• By T.Velasquez on February 22, 2014

    This was a really good book! Well written, packed with information, its main focus is on the activities of the Abwehr in Ireland from just before World War 2 through the entire conflict. I wanted to read this book as I had saw a documentary on TV about the collusion between the IRA and the Germans during WW2 (plan Kathleen). While the book does talk about Plan Kathleen and does mention the IRA, the author avoids too much discussion about the IRA itself. Most of the attention is on the individual German agents who are drawn colorfully and showing all their failings. It seems Ireland wasn't very high on Canaris' list and he didn't send very good agents there. The fact that he was probably trying to sabotage his own plans (some say Canaris was working against the Nazis) explains why he sent out such obviously poor agents.The book gives a lot of information on espionage itself, the use of codes, signals, the "book code" and background such as that so it is a more of a history of espionage in the 20th century than about Irish internal politics.I definitely recommend this book to anyone interested in Irish History of this period, espionage, propaganda, or World War II history. Its well and lively written with plenty of photographs throughout.

  • By A customer on June 18, 2003

    This book has amazing insight into the realms of Irish and German espionage history. I found the reading to be thoroughly enjoyable and entertaining. Dr. Mark Hull brings a bit of humor into a subject that is difficult to entertain. I have never been an advent reader of any type of historical writings and found that once I started reading, I honestly felt capitivated by the reconstruction of history in this book. Unlike most history books, Dr. Hull has brought to life a writing that is serious in depth of subject, yet could be viewed world wide on a theatre screen as thoroughly enjoyable (James'Bond anyone?).I would recommend this book for a history class or just for the enjoyment of sitting down on the sofa with a good book and a cup of wine for a relaxing evening at home.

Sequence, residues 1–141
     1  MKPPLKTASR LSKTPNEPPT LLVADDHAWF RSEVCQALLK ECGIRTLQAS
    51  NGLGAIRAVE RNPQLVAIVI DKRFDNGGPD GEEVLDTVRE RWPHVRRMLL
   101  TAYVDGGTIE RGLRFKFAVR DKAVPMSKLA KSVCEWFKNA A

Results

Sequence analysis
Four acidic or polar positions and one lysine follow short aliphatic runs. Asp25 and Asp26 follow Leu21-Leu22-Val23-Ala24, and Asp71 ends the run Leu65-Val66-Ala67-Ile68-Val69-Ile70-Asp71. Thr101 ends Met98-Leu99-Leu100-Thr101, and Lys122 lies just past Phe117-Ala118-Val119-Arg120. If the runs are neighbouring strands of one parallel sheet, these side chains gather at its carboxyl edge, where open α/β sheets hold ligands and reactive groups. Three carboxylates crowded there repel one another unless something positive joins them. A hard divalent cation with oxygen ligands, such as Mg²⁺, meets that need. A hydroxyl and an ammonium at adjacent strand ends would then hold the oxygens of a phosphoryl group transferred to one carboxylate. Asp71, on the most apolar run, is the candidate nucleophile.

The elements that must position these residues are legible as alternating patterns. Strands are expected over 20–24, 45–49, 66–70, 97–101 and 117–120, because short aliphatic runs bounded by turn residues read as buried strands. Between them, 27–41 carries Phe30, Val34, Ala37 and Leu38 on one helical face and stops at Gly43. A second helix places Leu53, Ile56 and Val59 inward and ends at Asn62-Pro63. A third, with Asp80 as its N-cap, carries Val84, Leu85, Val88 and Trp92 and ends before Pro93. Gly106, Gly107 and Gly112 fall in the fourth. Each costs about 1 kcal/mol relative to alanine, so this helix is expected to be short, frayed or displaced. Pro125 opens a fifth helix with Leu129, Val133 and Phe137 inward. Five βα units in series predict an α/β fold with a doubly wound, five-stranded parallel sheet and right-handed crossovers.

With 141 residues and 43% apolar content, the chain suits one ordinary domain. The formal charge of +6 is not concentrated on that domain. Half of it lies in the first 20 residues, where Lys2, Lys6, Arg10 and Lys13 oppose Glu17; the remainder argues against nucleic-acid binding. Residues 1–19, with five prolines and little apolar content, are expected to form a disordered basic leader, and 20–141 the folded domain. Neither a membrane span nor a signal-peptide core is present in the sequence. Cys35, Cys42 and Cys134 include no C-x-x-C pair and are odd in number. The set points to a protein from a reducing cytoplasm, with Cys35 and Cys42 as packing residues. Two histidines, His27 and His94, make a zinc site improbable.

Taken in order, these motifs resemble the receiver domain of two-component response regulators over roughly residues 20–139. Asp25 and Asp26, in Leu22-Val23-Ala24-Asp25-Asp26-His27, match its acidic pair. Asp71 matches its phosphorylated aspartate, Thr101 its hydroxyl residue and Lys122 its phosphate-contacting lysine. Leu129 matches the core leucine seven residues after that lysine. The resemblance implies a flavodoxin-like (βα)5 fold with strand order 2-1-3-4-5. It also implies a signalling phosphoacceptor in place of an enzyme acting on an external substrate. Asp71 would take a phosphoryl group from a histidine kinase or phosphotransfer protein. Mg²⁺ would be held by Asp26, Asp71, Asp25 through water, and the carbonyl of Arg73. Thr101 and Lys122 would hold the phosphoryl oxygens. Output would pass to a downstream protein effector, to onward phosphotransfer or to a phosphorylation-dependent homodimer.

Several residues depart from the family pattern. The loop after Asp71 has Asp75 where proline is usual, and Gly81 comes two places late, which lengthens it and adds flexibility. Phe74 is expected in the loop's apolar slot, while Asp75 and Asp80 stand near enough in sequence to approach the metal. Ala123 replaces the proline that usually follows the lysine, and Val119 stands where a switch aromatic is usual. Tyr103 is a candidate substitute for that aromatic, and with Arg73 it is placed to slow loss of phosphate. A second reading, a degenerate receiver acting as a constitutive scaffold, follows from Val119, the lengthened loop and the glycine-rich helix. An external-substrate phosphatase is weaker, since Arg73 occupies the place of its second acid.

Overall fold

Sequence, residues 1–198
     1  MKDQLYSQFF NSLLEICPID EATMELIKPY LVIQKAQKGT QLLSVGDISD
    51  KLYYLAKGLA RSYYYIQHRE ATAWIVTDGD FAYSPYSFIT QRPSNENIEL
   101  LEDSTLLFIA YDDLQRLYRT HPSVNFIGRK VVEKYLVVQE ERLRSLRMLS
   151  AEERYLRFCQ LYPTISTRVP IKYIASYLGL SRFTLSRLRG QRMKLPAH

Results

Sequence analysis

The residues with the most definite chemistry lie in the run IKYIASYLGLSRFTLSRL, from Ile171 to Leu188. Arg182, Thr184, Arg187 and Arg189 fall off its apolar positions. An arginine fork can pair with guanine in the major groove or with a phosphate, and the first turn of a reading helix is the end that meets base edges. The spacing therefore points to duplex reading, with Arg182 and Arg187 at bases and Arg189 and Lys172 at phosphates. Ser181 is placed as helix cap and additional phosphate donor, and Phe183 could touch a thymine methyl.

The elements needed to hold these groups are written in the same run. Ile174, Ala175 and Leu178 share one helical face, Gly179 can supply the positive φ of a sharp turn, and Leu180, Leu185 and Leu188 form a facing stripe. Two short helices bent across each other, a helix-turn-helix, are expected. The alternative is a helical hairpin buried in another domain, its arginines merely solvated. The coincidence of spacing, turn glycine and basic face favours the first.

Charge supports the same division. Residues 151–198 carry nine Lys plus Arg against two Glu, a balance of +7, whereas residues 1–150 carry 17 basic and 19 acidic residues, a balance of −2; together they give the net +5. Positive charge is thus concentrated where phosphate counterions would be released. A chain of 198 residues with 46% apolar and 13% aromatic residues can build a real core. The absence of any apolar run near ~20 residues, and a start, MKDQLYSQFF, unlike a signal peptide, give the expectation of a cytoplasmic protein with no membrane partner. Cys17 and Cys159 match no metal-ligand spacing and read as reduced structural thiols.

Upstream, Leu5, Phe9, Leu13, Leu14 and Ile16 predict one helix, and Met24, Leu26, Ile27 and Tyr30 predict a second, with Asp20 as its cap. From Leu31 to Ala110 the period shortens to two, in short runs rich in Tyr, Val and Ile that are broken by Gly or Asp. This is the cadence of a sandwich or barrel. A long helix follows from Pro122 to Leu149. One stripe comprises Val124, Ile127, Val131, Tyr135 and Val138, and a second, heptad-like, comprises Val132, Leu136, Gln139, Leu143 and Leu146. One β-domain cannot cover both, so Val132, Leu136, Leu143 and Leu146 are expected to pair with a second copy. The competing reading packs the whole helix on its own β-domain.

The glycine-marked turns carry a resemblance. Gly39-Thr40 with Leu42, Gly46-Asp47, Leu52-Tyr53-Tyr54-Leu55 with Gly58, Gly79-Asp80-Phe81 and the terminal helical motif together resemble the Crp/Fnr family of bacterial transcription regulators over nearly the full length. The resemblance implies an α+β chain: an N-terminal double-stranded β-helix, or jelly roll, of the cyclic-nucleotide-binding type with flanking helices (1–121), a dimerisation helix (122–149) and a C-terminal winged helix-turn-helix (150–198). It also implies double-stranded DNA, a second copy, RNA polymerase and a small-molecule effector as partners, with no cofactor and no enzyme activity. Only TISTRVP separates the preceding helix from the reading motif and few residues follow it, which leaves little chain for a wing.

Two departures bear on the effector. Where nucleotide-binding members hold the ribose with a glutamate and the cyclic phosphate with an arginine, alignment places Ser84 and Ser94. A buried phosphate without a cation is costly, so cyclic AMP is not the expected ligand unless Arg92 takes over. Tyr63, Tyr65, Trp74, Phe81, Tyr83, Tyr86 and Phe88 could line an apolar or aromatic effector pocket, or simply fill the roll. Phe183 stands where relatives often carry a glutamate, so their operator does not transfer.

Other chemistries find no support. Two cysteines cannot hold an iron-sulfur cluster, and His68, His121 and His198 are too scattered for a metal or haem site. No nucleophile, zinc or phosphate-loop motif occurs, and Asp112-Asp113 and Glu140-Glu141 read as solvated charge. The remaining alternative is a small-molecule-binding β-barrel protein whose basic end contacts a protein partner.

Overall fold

• By Brinkly on April 12, 2005

    It's not often that a history book comes along that catches my interest. When first starting to read "Irish Secrets," I thought I would be in for another historical timeline reading. As I kept reading, I was captured with the informative and humorous, yet tragic stories. Mark Hull has put real-life incidents together to tell the truth, whether liked or not. You do not get lost in the first chapter with the events occuring out of place, instead, you are given an understanding of the German Intelligence Service and the tools used to achieve an ultimate outcome of events. For Example: agent basic training, radio transmission secrets, secret inks, a coding system, and the people that were chosen.I am not educated with this part of history. Frankly, I find it boring in the classroom, but not with "Irish Secrets." You will get to know the people and feel their half achievements and full loss. You will go to Ireland and have landed in the wrong area only to come upon a long hike through the roads, I believe the gent walked about 70 miles...of which he was dressed out of sorts! He is very easily spotted as a foreigner - not too well planned. You'll have illicit affairs, entrapment, thrilling escapes and ultimately see the inside of a jail cell.This book is beyond a doubt, one of its own kind and should be read for the classroom, but also for pleasure! A simple "Spies Like Us" all the way humor. The classroom reading list should include "Irish Secrets" for scholars to learn a bit of forgotten history and enjoy a well written bit of work on the authors part. Irish Secrets is very well written and thorough in its recalling of a time went wrong. I enjoyed the book from start to finish and urge others to do the same.